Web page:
Government against itself
Harold Meyerson and I don’t see eye to eye on every issue involving the Obama administration’s job-creation and economic stimulus efforts. But we do agree on this: If you’re going to borrow and spend money to create jobs in the short run, a good model would be the New Deal’s Civil Works Administration, which reduced unemployment from 13 million to 9 million between November 1933 and February 1934. As Meyerson explains in this excellent article, the CWA worked because the executive branch officials in charge, led by the redoubtable Harry Hopkins, were fully empowered to approve projects and spend money with practically no bureaucratic hassle in between. The result was a swift and highly visible improvement of the nation’s infrastructure. That was good economically for the country, and good politically for FDR.
If anything frustrates me about the federal response to this recession, it is the conspicuous absence of CWA-like teams – perhaps dressed in bright yellow T-shirts with a recognizable logo on the front? – toiling on the nation’s roads, bridges and schools.
Meyerson also correctly diagnoses a major cause of this failure: “the checks that liberals created to keep the government from building roads, rails, and other infrastructure by executive fiat,” a.k.a., the forest of regulation and bureaucracy that has grown up since the New Deal. In today’s America, the government can’t act like Harry Hopkins did in 1933 because of, well, government.
California, Meyerson’s home state, received $620 million in stimulus funds in 2009 to support weatherization projects -- but only spent about 1 percent of that money because the stimulus bill did not waive the usual environmental impact, competitive bidding and historic preservation review requirements. Notwithstanding the fact that the country was facing a once-a-century economic emergency, the Obama administration left all of this standard procedure intact, and added more.
To be sure, some of the bureaucratic burden was imposed to counter Republican charges of corruption. But most of it was not. In fact, at organized labor’s behest, Obama and Congressional Democrats imposed a new requirement on the Energy Department’s weatherization grants: that they pay “prevailing,” i.e., union, wage rates. The impact of this provision was especially poignantly irrational, Meyerson reports, since it priced local community organizations -- the very people the stimulus bill was supposed to favor -- out of the business. “Weatherization work in Los Angeles ground to a halt,” Meyerson writes. (Why buildings in sunny LA needed so much protection against the weather is a question for another day.) LA’s experience was replicated nationally, with the result that a $5 billion weatherization program that was supposed to create 87,000 jobs in its first year created practically none.
Where Meyerson and I disagree is on the lessons of all of this. He argues that it would have been easier to cut through the red tape if Gov. Arnold Schwarzenegger had not laid off so many state staffers to ease the state’s budget deficit. But where was Schwarzenegger supposed to get the money?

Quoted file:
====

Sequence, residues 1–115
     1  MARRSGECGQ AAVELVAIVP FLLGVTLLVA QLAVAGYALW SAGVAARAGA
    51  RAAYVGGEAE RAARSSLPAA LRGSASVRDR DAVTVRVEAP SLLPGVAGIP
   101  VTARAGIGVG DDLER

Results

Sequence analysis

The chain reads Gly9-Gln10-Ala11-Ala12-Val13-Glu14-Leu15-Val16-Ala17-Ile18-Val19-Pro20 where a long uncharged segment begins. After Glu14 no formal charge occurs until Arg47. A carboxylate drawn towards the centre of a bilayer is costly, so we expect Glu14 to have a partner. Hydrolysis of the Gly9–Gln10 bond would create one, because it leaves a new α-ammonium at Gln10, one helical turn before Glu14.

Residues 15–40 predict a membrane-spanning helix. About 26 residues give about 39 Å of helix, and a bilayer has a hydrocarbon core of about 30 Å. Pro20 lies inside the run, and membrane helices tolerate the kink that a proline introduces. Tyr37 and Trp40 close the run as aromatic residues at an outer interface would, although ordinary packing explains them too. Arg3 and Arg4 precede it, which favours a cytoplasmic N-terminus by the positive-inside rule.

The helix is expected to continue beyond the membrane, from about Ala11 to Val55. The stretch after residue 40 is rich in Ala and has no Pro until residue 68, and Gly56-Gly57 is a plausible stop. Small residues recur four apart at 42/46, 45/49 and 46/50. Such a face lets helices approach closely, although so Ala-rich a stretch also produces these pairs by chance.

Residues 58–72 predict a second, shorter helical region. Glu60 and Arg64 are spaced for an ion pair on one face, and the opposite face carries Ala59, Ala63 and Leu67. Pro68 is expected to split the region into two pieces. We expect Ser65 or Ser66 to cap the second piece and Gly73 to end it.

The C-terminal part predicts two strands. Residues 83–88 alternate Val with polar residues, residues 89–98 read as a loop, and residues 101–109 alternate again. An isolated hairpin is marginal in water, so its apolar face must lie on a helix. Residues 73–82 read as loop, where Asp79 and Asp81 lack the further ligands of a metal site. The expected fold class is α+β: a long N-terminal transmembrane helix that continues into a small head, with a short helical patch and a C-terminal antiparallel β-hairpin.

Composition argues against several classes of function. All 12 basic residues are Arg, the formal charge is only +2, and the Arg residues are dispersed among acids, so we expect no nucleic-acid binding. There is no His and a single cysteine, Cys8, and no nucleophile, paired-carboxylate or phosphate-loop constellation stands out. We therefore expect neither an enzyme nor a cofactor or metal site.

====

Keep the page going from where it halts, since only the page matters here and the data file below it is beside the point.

The real question is why you have to meet so many officious requirements to get anything done in the first place. Meyerson describes the dilemma as a collision of big government (spending) and good government (regulation). Having breezed through the California State Office of Historic Preservation’s prolix rules, I’m not so sure about that. It might be more accurate to speak of a clash between urgently necessary government and mind-numbingly excessive government. To be sure, Meyerson argues that liberals should exercise “a preferential option” for job creation over punctilious environmental impact statements. But he doesn’t get very specific about how to square that circle -- except to suggest, not that plausibly (as he admits) that Obama should try funding more home health care jobs.
What Meyerson can’t or won’t concede is that some liberal institutions have, over the years, become the enemies of some liberal policy goals -- and that this economic crisis has starkly exposed the contradiction. Some of the very groups that populate and fund the Democratic Party – lawyers and labor unions come to mind – have accumulated and used political power to advantage themselves or their causes with no benefit for the poor and jobless. For all his promises of change, President Obama seems never to have considered using the crisis to do something about that. If anything, his policies, parts of the stimulus bill included, have made the problem worse.
UPDATE, 3:09 p.m.: An earlier version of this post mistakenly said that the New Deal's CWA program reduced unemployment from 13 million to 4 million between November 1933 and February 1934. Actually, it cut unemployment from 13 million to 9 million, a total reduction of 4 million. Sorry.
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